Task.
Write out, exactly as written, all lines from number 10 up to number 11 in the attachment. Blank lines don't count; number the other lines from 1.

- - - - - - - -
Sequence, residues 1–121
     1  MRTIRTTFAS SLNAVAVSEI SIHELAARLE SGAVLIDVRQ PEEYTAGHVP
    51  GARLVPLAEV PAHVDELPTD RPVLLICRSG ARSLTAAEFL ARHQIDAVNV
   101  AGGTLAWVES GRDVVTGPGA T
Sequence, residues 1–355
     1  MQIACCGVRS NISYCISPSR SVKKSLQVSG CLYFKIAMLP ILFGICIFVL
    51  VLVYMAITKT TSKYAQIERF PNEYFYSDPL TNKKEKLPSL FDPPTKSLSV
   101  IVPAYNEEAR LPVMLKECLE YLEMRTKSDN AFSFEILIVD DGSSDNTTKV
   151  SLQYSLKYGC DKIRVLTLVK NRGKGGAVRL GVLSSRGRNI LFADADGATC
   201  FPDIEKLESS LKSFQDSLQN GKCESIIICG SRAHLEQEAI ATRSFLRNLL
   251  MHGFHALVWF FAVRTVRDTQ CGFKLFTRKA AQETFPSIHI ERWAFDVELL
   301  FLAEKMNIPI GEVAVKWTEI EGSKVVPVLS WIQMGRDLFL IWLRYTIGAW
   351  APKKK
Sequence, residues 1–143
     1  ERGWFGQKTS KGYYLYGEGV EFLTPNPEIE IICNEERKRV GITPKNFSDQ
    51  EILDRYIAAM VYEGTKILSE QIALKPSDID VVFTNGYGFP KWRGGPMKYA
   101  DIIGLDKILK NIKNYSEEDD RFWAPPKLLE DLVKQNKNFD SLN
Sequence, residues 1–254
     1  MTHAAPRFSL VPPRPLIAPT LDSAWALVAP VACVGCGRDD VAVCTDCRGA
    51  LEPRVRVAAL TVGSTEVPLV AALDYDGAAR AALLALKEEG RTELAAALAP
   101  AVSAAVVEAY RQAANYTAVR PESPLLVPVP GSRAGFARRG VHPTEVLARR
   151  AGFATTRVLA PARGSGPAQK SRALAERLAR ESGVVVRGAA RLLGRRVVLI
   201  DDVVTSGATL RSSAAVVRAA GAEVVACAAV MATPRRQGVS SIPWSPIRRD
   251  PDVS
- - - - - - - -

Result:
   201  FPDIEKLESS LKSFQDSLQN GKCESIIICG SRAHLEQEAI ATRSFLRNLL
   251  MHGFHALVWF FAVRTVRDTQ CGFKLFTRKA AQETFPSIHI ERWAFDVELL